Tonight, I will silently sit in a conference room and listen to 14 other people, professor included, tear my writing apart, section by section. Last week, I turned in the first chapter of the book I’ve been telling you about, the one I’m writing about my travels in Asia, the one which this post is an excerpt from. My peers had seven days to read through it, mark up the pages with red, blue or black ink (does it really matter – it all says the same thing), and then tell me, in writing, all the things I did well, and all the things I didn’t. Tonight, those written critiques will come at me verbally, like shards of glass to the ears.
I made a dessert to soften the blow.
Don’t get me wrong. Having my work critiqued is always beneficial, and I don’t like to send anything to an editor without first having others look at it. But never have I had it done in this fashion.
Tonight will be as though I’m not there. I’m not allowed to agree or disagree. I’m not allowed to back up my artistic decisions. I’m not allowed speak at all, until the end.
It’s intimidating. And, I’m excited. If you remember what I told you in my first post about cooking, I’m a little weird like that, because doing things that scare me, oddly manage to intrigue me. And in the end, no matter what fear I’m facing, I’m usually better off in the end.
With this in mind, I thought it would be a good idea to combine two classes into one, and use a cooking assignment for my Creativity course to bribe my workshop classmates to be kind. For the record, workshops have been occurring every Tuesday for the past three weeks and almost all of the other writers have brought snacks ranging from crescent rolls and hummus to cookies and bananas. None of them, might I add, made the critiques any less harsh.
Nevertheless, a bribe is now part of the ritual, and I’m not about to be the one to upset an expectant class on the night they give me feedback. I’ll enter with a tray of chocolate-covered, peanut butter Rice Krispies treats, otherwise known as Chocolate Scotcharoos. I slaved over the stove for all of 20 minutes last night (who said cooking I to take hours? Oh right, I did), stirring the sugar and Karo syrup to perfection before mixing in the peanut butter and cereal. When it came time to melt the chocolate chips, I ate half of one bag (click here to see why I hate cooking) and was forced to open another (I knew this would happen, so I bought two. My mother, still, hides the chocolate chips before I visit).
This was my grandmother’s recipe, and every female in my family has had their turn at trying. It’s not complicated in any sense of the word, and the most crucial thing to remember is not to overcook the syrup and sugar. Plus, always give the chocolate time to harden.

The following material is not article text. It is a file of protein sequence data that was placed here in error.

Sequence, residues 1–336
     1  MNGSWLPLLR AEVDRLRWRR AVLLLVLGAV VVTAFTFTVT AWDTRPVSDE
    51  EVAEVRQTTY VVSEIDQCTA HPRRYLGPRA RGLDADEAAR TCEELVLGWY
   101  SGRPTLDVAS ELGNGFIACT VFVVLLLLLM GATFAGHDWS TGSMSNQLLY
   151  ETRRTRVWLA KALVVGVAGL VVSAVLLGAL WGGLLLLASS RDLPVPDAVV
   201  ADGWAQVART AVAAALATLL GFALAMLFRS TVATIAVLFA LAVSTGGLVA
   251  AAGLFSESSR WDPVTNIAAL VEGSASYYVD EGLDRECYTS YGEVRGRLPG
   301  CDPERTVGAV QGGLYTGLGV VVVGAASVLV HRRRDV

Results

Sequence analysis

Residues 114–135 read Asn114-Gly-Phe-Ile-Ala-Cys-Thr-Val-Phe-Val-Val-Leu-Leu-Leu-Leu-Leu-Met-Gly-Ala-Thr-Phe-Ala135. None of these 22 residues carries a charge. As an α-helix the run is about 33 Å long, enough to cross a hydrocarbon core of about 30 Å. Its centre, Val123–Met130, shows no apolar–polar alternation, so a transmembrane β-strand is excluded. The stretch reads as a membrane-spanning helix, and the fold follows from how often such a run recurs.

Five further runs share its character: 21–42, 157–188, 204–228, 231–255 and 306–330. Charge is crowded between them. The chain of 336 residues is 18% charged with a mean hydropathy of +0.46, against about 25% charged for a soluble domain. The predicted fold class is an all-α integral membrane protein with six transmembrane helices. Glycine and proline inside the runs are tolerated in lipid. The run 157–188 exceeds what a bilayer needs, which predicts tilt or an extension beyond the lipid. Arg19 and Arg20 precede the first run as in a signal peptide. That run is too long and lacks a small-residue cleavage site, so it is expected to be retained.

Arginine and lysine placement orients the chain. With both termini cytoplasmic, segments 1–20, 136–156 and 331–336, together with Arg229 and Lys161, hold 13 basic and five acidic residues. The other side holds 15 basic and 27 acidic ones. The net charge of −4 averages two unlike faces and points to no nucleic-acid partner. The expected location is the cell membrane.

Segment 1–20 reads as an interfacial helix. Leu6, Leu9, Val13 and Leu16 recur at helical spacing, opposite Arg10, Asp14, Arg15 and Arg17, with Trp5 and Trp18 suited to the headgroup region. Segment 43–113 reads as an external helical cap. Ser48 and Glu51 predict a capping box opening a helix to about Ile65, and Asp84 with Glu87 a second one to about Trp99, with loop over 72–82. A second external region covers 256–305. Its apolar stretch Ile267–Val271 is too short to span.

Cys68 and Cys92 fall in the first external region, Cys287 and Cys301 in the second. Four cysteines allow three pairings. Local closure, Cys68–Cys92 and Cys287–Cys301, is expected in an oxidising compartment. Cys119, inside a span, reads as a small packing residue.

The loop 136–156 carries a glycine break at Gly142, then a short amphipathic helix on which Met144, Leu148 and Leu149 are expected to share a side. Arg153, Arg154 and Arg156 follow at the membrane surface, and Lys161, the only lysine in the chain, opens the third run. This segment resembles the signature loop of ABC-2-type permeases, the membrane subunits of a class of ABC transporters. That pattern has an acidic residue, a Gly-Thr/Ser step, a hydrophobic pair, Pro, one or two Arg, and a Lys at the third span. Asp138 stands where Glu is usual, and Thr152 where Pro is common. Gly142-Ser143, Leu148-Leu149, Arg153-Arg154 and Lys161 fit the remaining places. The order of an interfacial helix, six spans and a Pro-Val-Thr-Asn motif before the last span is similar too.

My cousin reminded me of these little tricks last night, and so far I think everything went as planned. It’s been years since I made Chocolate Scotcharoos – I tried once in China, but couldn’t find corn syrup anywhere, even in two international grocery stores – so the true taste test will come tonight in the form of a verbal critique.
When my peers take a sugary bite, I’ll hope their words come out just as sweet. Deep down, I know they can’t sugarcoat their thoughts (for they’re already on paper), and doing so wouldn’t be helpful to me anyway. However, I’m prepared to carry the leftover treats home with me afterward, to pair them with a bottle of red, and swallow their words whole.
Tomorrow, when I wake up feeling like crap, I’ll have a bottle of Malbec and an overdose of chocolate to blame, instead of the kind classmates who are simply trying to make me a better writer.
The creativity this week lies solely in my motivation for cooking. Finding that motivation is often hard to do, though it’s made easier by a grade looming over my head and a required blog post to follow suit.
Chocolate Scotcharoos are quick and simple, and though I didn’t once look at a recipe, I did ask my cousin for a brief reminder. That said, it was fun to watch the ingredients melt together, to become one, in a paste that will add five pounds to my waistline when paired with cereal and chocolate.
Chocolate Scotcharoos Recipe:
1 cup white sugar
1 cup Karo syrup
1 cup peanut butter (I always use Jiffy Reduced Fat)
6 cups Rice Krispies
1 bag chocolate chips (I used the dark chocolate variety)
Heat the sugar and corn syrup in a large pot until melted. Don’t cook too long. Add in the peanut butter and stir until blended. Remove from heat and stir in the cereal. Spread evenly in a greased 9×16 pan. Then, melt the chocolate chips (don’t burn – I’ve done this a few times) and layer the chocolate over the concoction. Let cool overnight, or place in freezer.
I wonder what it would be like to try brown sugar and to mix peanut butter chips with chocolate chips for the topping?
Have you ever cooked for a bribe? If so, what was it for?
Cooking with Purpose: Chocolate Scotcharoos to Sweeten a Public Critique